Thursday, 24 November 2011

Thursday, 17 November 2011

Research on Gender Relations

There has been an encouraging flurry of research projects, "baseline" studies and evaluations on gender relations.  It seems that in recent years, hundreds of thousands - maybe millions - of people have been interviewed. They have been asked what they think and do about the roles of men and women, girls and boys (and maybe people who fit into an in-between category) - in the household, at school, at work, in politics and other aspects of life in society. I suspect that quite some people may have undergone several interviews by different research teams, especially in those parts of the world that receive extra donor attention - my mental map shows big blotches of donor interest around Bukavu, Goma, Kabul, Phnom Penh, to name a few places.

Wednesday, 16 November 2011

A commendable series of "webinars"

For free on-line seminars on evaluation, click here: Equity-focused evaluations | MY M&E! I particularly recommend the 22 November instalment with Patricia Rogers and Richard Hummelbrunner - on how to make log-frames more effective for complex interventions.

Wednesday, 9 November 2011

A women's classic, 2011 edition!

Hooray - "Our Bodies, Ourselves" has been updated, 40 years after the first edition of this classic on women's health and sexuality. Find the table of contents, the introduction, readers' praise and more by clicking on this link: Our Bodies, Ourselves 2011 Edition - Our Bodies Ourselves

Tuesday, 1 November 2011

Tips for Multi-Everything Facilitation

Just got back from an exhilarating multi-country, multi-disciplinary, multi-stakeholder, multi-language planning workshop. So much "multi" can make workshop planning quite an adventure: Will the participants understand each other, across cultures, disciplines, languages and perspectives? Will those who come with the money listen to those who come with the expertise? Will the participants reach any agreement or useful conclusions within a short (2-day) spell of time? In the end, things appeared to work out beautifully. I see three major factors for such success:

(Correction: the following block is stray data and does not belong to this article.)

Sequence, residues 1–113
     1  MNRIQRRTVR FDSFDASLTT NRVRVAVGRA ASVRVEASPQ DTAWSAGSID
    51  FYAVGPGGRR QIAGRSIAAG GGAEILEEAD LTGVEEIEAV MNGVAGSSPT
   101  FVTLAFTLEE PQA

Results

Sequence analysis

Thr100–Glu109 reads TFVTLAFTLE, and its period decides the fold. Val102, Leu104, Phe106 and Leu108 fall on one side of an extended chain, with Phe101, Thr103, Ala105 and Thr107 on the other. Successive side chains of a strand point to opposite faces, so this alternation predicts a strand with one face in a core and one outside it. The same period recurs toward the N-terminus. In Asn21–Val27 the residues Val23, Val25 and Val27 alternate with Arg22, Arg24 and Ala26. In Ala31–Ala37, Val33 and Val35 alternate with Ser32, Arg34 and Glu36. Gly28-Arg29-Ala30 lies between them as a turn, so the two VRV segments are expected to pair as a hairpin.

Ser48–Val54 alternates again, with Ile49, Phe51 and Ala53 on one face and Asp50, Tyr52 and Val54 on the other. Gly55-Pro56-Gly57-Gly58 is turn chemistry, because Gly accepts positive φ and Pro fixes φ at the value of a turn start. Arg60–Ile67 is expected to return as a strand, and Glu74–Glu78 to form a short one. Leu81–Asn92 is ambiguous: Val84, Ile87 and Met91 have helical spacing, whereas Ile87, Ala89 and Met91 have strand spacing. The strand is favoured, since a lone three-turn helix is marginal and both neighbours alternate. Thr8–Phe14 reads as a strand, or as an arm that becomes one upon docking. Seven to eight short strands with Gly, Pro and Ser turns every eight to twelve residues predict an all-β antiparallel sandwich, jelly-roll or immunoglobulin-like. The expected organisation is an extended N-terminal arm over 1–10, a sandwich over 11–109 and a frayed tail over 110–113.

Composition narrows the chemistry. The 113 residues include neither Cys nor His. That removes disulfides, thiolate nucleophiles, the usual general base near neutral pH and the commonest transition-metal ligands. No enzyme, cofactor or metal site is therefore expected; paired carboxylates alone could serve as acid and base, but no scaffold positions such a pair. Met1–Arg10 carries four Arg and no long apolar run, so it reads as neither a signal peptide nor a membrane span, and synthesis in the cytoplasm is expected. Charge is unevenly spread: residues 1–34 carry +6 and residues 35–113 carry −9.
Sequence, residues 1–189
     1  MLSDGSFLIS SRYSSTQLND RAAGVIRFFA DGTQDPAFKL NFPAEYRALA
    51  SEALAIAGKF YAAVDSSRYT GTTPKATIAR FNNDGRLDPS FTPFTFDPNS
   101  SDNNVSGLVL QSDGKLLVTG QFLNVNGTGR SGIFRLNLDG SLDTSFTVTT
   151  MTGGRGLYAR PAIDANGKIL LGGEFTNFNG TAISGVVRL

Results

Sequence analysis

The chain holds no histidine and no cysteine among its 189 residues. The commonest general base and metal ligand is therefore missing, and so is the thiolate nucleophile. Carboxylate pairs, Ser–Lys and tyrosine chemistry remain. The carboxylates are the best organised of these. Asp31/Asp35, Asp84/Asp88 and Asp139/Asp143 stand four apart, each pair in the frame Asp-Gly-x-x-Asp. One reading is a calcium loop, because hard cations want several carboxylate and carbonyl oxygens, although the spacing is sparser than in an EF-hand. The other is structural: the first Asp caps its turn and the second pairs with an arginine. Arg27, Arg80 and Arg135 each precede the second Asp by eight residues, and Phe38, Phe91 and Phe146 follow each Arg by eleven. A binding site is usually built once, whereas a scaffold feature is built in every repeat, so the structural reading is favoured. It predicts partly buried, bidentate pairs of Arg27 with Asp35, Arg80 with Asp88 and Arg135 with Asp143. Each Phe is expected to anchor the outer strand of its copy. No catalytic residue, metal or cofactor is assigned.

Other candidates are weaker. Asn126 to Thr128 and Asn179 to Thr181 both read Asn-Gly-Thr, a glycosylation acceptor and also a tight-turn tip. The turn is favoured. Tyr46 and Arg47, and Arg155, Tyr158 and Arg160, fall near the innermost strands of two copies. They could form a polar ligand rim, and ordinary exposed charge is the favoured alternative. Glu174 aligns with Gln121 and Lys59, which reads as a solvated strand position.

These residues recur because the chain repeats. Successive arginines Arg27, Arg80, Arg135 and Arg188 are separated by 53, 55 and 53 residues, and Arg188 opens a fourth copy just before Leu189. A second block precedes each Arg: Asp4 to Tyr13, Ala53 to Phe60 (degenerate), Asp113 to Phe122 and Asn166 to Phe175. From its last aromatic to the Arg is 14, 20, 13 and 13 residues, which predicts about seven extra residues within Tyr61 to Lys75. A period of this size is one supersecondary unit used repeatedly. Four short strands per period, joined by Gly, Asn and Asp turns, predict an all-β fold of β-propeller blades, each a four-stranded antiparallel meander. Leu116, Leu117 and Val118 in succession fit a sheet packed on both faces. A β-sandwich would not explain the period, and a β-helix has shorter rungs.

Thursday, 13 October 2011

Evaluating efficiency in campaigning

The OECD Development Co-operation Directorate (DAC) defines efficiency as follows: "Efficiency measures the outputs -- qualitative and quantitative -- in relation to the inputs. It is an economic term which signifies that the aid uses the least costly resources possible in order to achieve the desired results. This generally requires comparing alternative approaches to achieving the same outputs, to see whether the most efficient process has been adopted. When evaluating the efficiency of a programme or a project, it is useful to consider the following questions: Were activities cost-efficient? Were objectives achieved on time? Was the programme or project implemented in the most efficient way compared to alternatives?"  (DAC criteria for evaluating development assistance)

Wednesday, 28 September 2011

Aid Effectiveness?

An incisive article about the part donors play in development effectiveness - just click on the link at the end of this paragraph. Owen Barder shows that government donors have fulfilled only one of the promise they made to increase aid effectiveness. Good reading! In my view, monitoring systems and evaluations should always factor in the donor's role. Their action - or non-action - may have just as much (or even more) weight than anything that happens "on the ground".